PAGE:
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Safety Recommendation Details

Safety Recommendation M-05-002
Details
Synopsis: The recommendations address safety issues involving operational oversight of the Staten Island Ferry by the New York City Department of Transportation (NYC DOT). The recommendations derive from the Safety Board’s investigation of the allision involving the Staten Island Ferry Andrew J. Barberi at St. George, Staten Island, on October 15, 2003, and are consistent with the evidence we found and the analysis we performed. At the time of the accident, the Andrew J. Barberi was at the end of a regularly scheduled trip from Manhattan to Staten Island, with 15 crewmembers and an estimated 1,500 passengers on board. The assistant captain was at the controls but, for reasons that could not be determined, was unresponsive to cues of the impending allision. Except for one deckhand, the crewmembers also did not recognize that the ferry was in danger. Ten passengers died in the accident and 70 were injured. An eleventh passenger died 2 months later as a result of injuries sustained in the accident.
Recommendation: The National Transportation Safety Board makes the following safety recommendations to the New York City Department of Transportation: Adhere to your October 2005 target for implementation of a comprehensive safety management system, incorporating all matters recommended by the Global Maritime and Transportation School assessment, and ensuring medical fitness oversight (requiring, minimally, assurance of compliance with Coast Guard requirements).
Original recommendation transmittal letter: PDF
Overall Status: Closed - Acceptable Action
Mode: Marine
Location: Bays and Sounds, NY, United States
Is Reiterated: No
Is Hazmat: No
Is NPRM: No
Accident #: DCA04MM001
Accident Reports:
Allision of Staten Island Ferry Andrew J. Barberi
Report #: MAR-05-01
Accident Date: 10/15/2003
Issue Date: 3/18/2005
Date Closed: 3/29/2006
Addressee(s) and Addressee Status: State of New York, City of New York, Department of Transportation (Closed - Acceptable Action)
Keyword(s): Safety Management Systems

Safety Recommendation History
From: NTSB
To: State of New York, City of New York, Department of Transportation
Date: 3/29/2006
Response: The Safety Board is pleased that Staten Island Ferry has (1) implemented the GMATS recommendations, (2) implemented a safety management system, and (3) obtained a Document of Compliance from the American Bureau of Shipping (ABS). Among other things, the safety management system addresses the revised Staten Island Ferry organizational structure, vessel personnel staffing and work load, and technical training and professional development for all vessel personnel. Accordingly, Safety Recommendation M-05-2 is classified "Closed-Acceptable Action."

From: State of New York, City of New York, Department of Transportation
To: NTSB
Date: 3/16/2006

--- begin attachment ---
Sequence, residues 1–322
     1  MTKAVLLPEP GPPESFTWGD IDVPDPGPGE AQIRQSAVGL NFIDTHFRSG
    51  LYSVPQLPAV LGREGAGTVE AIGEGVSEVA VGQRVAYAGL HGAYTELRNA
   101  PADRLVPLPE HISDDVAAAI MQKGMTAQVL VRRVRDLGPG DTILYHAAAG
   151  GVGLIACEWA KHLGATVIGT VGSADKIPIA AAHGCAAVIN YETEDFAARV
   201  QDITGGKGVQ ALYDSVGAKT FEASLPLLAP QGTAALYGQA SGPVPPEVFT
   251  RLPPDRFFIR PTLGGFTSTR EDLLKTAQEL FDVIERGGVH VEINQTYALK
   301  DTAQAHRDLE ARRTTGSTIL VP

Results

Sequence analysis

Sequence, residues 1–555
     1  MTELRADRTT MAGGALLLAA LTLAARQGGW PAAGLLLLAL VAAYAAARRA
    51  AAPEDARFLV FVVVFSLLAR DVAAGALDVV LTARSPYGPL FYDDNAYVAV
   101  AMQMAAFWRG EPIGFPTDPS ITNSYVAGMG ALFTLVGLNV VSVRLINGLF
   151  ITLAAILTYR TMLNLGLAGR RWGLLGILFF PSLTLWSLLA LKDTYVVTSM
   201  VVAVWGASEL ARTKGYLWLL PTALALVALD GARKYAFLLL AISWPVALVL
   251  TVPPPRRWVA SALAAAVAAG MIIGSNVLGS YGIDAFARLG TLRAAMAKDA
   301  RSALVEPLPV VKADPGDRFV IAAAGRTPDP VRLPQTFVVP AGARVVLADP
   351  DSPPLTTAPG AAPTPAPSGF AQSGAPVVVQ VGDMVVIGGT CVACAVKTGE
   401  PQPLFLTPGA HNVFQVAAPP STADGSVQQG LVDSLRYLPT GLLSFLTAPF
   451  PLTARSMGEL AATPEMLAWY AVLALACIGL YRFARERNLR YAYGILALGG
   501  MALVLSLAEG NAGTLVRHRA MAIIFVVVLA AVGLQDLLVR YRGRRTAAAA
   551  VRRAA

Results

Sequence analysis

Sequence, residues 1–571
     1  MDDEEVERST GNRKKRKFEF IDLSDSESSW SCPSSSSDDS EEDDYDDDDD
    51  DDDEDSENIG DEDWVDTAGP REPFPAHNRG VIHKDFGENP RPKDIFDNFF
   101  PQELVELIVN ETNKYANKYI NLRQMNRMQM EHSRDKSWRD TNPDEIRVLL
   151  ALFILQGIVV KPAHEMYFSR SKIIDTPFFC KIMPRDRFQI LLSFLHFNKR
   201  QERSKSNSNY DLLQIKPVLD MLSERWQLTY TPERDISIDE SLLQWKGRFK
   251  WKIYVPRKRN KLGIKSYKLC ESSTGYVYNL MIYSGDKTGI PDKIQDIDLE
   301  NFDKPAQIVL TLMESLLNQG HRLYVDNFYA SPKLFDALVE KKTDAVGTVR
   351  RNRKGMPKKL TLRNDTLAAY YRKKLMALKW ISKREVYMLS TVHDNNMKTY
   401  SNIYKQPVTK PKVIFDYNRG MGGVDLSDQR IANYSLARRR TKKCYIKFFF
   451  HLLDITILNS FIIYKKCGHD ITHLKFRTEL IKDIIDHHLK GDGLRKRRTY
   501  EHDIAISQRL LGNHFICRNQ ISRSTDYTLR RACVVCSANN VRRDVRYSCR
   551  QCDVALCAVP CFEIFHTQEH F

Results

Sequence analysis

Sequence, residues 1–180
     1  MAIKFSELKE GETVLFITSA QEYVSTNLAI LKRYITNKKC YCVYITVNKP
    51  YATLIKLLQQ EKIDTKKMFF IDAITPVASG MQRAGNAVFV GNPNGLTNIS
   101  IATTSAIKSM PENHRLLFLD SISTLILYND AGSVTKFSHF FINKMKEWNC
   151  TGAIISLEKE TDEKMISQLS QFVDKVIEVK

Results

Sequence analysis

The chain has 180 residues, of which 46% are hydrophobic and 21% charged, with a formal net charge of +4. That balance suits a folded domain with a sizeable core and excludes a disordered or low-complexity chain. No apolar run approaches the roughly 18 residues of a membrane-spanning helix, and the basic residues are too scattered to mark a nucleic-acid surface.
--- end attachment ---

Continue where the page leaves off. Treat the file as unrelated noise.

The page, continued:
Response: Letter Mail Controlled 3/31/2006 2:01:15 PM MC# 2060169 By letter dated November 4, 2005 we indicated, among other things, that based on the criteria described during our meeting in August, 2005 for closing outstanding recommendations, we had complied with NTSB Recommendations M-05-01 and M-05-02 and provided supporting documentation attached thereto, and we looked forward to the NTSB's written confirmation that these NTSB Recommendations would be appropriately closed. We are now inquiring if there has been any progress in this regard. Further, on the matter of NTSB Recommendation M-05-03, we also indicated in my November 4, 2005 letter that a meeting was scheduled for November 7, 2005 with GMATS, U S Coast Guard Activities New York and in-house staff to continue our review of the remaining recommendations contained in the GMATS Report, foremost of which would be the evaluation and use of navigation technology, and following this meeting, we would advise you on how we planned to address those remaining recommendations. I am pleased to report that such meeting was held at which representatives from New York City Department of Transportation, Staten Island Ferry Division ("NYCDOT"), GMATS. US. Coast Guard Sector New York and Safety Management Systems LLC (Safety Consultants) and RADM Robert C. North, USCG (ret), the former Assistant Commandant for Marine Safety and Captain of the Port of New York, were present. We have since received the final comments from all those in attendance and are now prepared to discuss how the outstanding technology related recommendations of GMATS will be addressed. The NYCDOT has, to date, completed the following technology enhancements: AIS (Automated Identification System) Units have been installed on all vessels per USCG requirements GPS (Global Positioning System) Units, with speed indicators, have been installed on all vessels. e Hand-held UHF radios have been issued lo all crew members and their use has been incorporated in the operational procedures specified in the Safety Management System. ECDIS (Electronic Chart Display and informatio System) has been installed on the FIB Andrew J. Barberi on a trial basis and a complete fleet retrofit is planned and will be undertaken as soon as the final regulations governing same are promulgated. Automated Announcing Systems have been installed on the ferry boats Guy V. Molinari, Sen. John J. Marchi, Spirit of America, John F. Kennedy, American Legion, Gov. Herbert H. Lehman, Samuel I. Newhouse, and Alice Austen. The F/B John Noble is now in dry-dock and installation will be completed prior to the vessel's return to service. The FIB Andrew J. Barberi is scheduled for dry-docking later this year and such installation will be performed at that time. As regards the multi-directional speed indicators and integrated bridge systems, we discussed these recommendations at length during our meeting of November 7, 2005 at which representatives from NYCDOT, GMATS, US. Coast Guard Sector New York and Safety Management Systems LLC (Safety Consultants) and RADM Robert C. North, USCG (ret), the former Assistant Commandant for Marine Safety and Captain of the Port of New York, were present. It was the consensus of this group that the multi-directional speed indicators were developed primarily for large ships and had limited utility in our application and, in fact, an opinion was expressed that such technology could actually be distracting to the ferry operator during the most critical periods of docking. This discussion then focused the potential benefit of wind speed and direction indicators, and it was agreed that such technology could be of benefit in our application. We will, therefore, research such installations either on the terminals, and/or on the ferryboats. On the subject of integrated bridge systems, it was agreed that an integrated bridge system could have many interpretations depending on application, and it was agreed that for our application an integrated bridge system should embody several major components, namely: radar, ARPA, ECDIS, GPS, VHF, steering and control systems, and internal and external communications systems, all installed with regard for the ergonomics of the operator. This recommendation will then be satisfied upon the fleet-wide installation of ECDIS units. Finally, on the establishment of a recurrent evaluation process to assess the use of navigation technology, in addition to compliance with regulatory requirements, we will organize a committee comprised of management and licensed deck officers which will meet once each year, in conjunction with the annual safety management system compliance audit, to assess the latest navigation technology and its relevance to our application. This should ensure that NYCDOT stays current with such technologies services and trends, and make recommendations as applicable to ensure the utilization of the most up-to-date and appropriate technology. Further, active participation in industry trade associations such as the Passenger Vessel Association and Interfeny, and attendance at trade shows will ensure our keeping abreast of the latest navigation technology. In conclusion, the outstanding navigation technology recommendations are now confined to (i) the balance of the automated announcing system installations, which should be completed by year end; and (ii) the ECDIS retrofits which will also address the integrated bridge system recommendation. However, given the regulatory dynamics currently associated with ECDIS technology, we do not want to retrofit with technology which may be non-compliant from a regulatory standpoint, so we will continue to research this technology with the objective of developing a bid-specification to acquire and install such technology as soon as practicable. As previously indicated, we have complied with NTSB Recommendations M-05-01 and M-05-02, and we look forward to the NTSB's written confirmation that they may now he appropriately closed. We are also hopeful that the aforementioned update on navigation technology will assist in appropriately closing out NTSB Recommendation M- 05-03, and we welcome any comments or suggestions you may have in this regard.